Spicy, sweet and sour, chamoy gummies hit on all cylinders, and a new company is bringing a taste of the trendy treat to Kansas City.
This past fall, Michael Ho decided the time was right to launch Chamoy Boi, a business he had been mulling over in his head for a while. The venture was born out of a love for the candy itself, but also out of survival, as Ho needed a source of income when the nail salon he was working at shut down due to the pandemic.
“I knew I had all of the ingredients I needed to throw a batch together, so I just decided to go for it,” he says. “I launched Chamoy Boi last October, selling chamoy- and chile-dusted fresh fruit and gummy candy, which is very popular in Latinx communities. I moved around a lot when I was young, spending time in Texas and California, which is where I first came across this addictive combination of sweet, salty, spicy and sour gummies.”
Made from pickled or fermented fruit (such as salted plums or apricots), chamoy can take the form of a powder, paste or sticky red sauce. It's then spiced with dried chile powder, which gives it just enough of a fiery kick to balance the sweetness of candy, paletas, ice cream and more.
In Mexico, chamoy is perhaps most associated with street food; it's poured over pieces of fresh fruit in plastic bags and then sprinkled with Tajín, a spicy powder made with ground dried chilies (árbol, guajillo and pasilla), sea salt and dehydrated lime powder. In the 1970s, chamoy began making its way to the U.S., and in the 1990s it began popping up everywhere from the rim of a Michelada to fresh fruit to candies like gummy bears, Skittles and peach rings. Today, chamoy is found in craft cocktails, barbecue and wing sauce, cookies and even craft beer.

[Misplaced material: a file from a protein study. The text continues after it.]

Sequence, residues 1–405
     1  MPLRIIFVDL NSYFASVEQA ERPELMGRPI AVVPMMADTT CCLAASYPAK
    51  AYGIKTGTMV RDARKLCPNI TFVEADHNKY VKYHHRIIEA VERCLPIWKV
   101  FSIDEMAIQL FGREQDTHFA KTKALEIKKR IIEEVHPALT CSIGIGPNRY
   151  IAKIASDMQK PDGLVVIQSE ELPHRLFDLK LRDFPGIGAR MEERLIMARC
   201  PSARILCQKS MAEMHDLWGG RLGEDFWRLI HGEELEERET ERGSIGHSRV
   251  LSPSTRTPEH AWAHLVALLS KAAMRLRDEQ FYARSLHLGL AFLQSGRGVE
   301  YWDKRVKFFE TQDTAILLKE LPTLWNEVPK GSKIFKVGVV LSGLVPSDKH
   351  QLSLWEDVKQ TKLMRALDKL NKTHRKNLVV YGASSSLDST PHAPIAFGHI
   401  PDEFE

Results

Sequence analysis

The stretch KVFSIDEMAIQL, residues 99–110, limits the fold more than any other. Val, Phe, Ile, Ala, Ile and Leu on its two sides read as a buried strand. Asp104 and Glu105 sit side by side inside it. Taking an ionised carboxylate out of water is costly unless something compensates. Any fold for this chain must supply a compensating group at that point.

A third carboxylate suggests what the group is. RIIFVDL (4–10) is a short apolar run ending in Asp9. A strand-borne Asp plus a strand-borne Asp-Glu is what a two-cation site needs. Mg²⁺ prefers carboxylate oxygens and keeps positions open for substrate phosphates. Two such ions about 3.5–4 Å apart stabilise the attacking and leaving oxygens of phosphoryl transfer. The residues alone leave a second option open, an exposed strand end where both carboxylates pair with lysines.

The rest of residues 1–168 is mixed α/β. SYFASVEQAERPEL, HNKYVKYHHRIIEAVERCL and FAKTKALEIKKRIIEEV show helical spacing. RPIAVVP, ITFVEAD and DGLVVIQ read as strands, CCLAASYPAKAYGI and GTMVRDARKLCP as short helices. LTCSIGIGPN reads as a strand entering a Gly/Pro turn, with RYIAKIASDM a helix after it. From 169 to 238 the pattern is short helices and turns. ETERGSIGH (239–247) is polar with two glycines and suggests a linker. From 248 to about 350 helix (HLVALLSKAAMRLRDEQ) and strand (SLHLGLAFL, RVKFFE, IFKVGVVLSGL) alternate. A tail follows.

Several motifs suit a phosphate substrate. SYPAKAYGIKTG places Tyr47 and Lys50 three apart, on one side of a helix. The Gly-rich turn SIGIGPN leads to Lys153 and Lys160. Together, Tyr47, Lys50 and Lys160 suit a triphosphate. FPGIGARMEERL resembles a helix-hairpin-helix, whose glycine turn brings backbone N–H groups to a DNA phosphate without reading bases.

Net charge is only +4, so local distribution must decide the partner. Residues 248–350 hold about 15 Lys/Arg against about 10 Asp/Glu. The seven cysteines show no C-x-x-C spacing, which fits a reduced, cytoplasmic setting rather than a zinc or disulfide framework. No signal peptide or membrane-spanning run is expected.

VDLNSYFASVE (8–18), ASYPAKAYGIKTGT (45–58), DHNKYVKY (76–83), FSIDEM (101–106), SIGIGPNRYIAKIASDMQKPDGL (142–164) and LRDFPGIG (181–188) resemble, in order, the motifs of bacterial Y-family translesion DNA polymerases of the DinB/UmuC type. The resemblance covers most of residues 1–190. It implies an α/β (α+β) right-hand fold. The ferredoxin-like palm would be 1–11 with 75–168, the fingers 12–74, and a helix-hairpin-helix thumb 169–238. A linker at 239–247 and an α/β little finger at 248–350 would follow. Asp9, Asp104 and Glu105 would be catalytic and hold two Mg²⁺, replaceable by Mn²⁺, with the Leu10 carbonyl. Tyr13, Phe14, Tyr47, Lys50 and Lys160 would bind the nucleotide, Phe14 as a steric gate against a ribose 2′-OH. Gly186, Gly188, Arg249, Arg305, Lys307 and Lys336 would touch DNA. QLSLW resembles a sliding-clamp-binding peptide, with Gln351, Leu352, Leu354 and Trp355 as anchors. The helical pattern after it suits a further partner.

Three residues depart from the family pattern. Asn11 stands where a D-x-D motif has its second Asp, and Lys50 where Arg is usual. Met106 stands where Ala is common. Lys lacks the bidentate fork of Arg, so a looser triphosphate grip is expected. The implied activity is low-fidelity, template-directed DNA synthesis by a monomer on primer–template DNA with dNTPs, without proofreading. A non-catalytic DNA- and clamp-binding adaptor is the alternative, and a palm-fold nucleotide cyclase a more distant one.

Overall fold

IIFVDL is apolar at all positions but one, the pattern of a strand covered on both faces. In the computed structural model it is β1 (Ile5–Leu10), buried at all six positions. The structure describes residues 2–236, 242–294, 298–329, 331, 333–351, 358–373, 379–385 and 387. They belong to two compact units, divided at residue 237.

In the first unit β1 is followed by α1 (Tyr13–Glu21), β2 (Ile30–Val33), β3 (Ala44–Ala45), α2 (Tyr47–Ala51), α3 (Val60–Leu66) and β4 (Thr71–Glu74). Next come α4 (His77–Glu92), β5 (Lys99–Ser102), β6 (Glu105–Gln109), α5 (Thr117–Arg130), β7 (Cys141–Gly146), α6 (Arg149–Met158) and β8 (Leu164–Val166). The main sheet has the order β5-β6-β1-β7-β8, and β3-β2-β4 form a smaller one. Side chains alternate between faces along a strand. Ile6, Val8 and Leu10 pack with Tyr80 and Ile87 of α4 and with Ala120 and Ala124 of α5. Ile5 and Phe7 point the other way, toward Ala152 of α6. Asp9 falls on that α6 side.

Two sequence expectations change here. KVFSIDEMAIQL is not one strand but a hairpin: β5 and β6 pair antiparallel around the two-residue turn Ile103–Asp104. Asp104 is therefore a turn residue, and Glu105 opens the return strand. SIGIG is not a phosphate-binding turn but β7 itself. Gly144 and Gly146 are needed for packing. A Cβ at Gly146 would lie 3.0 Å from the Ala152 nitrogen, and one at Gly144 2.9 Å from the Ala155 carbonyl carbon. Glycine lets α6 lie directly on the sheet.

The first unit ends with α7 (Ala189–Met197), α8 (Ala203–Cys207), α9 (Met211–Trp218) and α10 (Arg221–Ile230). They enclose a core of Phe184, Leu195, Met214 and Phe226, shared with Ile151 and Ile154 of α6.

Chamoy Boi has quickly taken off in Kansas City, and Ho recently partnered with Café Ça Phê owner Jackie Nguyen to host a small pop up where he was able to sell his product directly to the consumer. That feedback allowed him to focus his inventory in preparation to launch his website, where he sells a selection of candies covered in chamoy and chilies in 6- to 8-ounce plastic containers for $10 each.
Currently, the selection includes dried mango, fruit snacks, green apple sour belts, gummy bears and worms, Gushers, mango paletas, mango sour belts, mini Starbursts, peach rings, Skittles, sour gummy worms, sour straws, strawberry sour belts, tamarind drops, watermelon gummies and watermelon paletas, all of which are tossed in sticky chamoy and dusted with chilies.
The gummies are a bit wet and sticky to eat and will stain your fingers red if you aren’t careful, but Ho thinks that is why people love them. “If you know them, you love them,” he says. “Sometimes I eat mine with chopsticks so I can re-dip them, and so I don’t get my fingers dirty eating them.”
Chamoy Boi candy is also currently available for sale at Café Ça Phê. Ho is seeking additional partnerships and locations where he can sell his candy and expose it to a wider audience.
“Right now, as I am just getting started, I have agreed to meet people halfway if they don’t want to pay for shipping, or if they are close to my house or work,” says Ho. “I have had people who have driven in from Lawrence to meet me, and someone from Puerto Rico who was really excited to get their order.”
And Ho is just getting started. He hopes to add a line of products with a little more heat, perhaps offering two levels of spice (regular and extra-spicy). He's also working on a new tamarind dip soon that can be used to decorate the rim of Micheladas and Margaritas, in addition to being drizzled over fresh fruit. Eventually, Ho dreams of turning his pandemic pivot into a brick-and-mortar business.
“I have been thinking about one day expanding this business to opening up a small shop selling ice cream, popsicles, fresh fruit and Chamoy Boi candy,” he says.
In the meantime, you can get your spicy Chamoy Boi candy fix by ordering directly from the website.
Chamoy Boi, chamoyboikc.com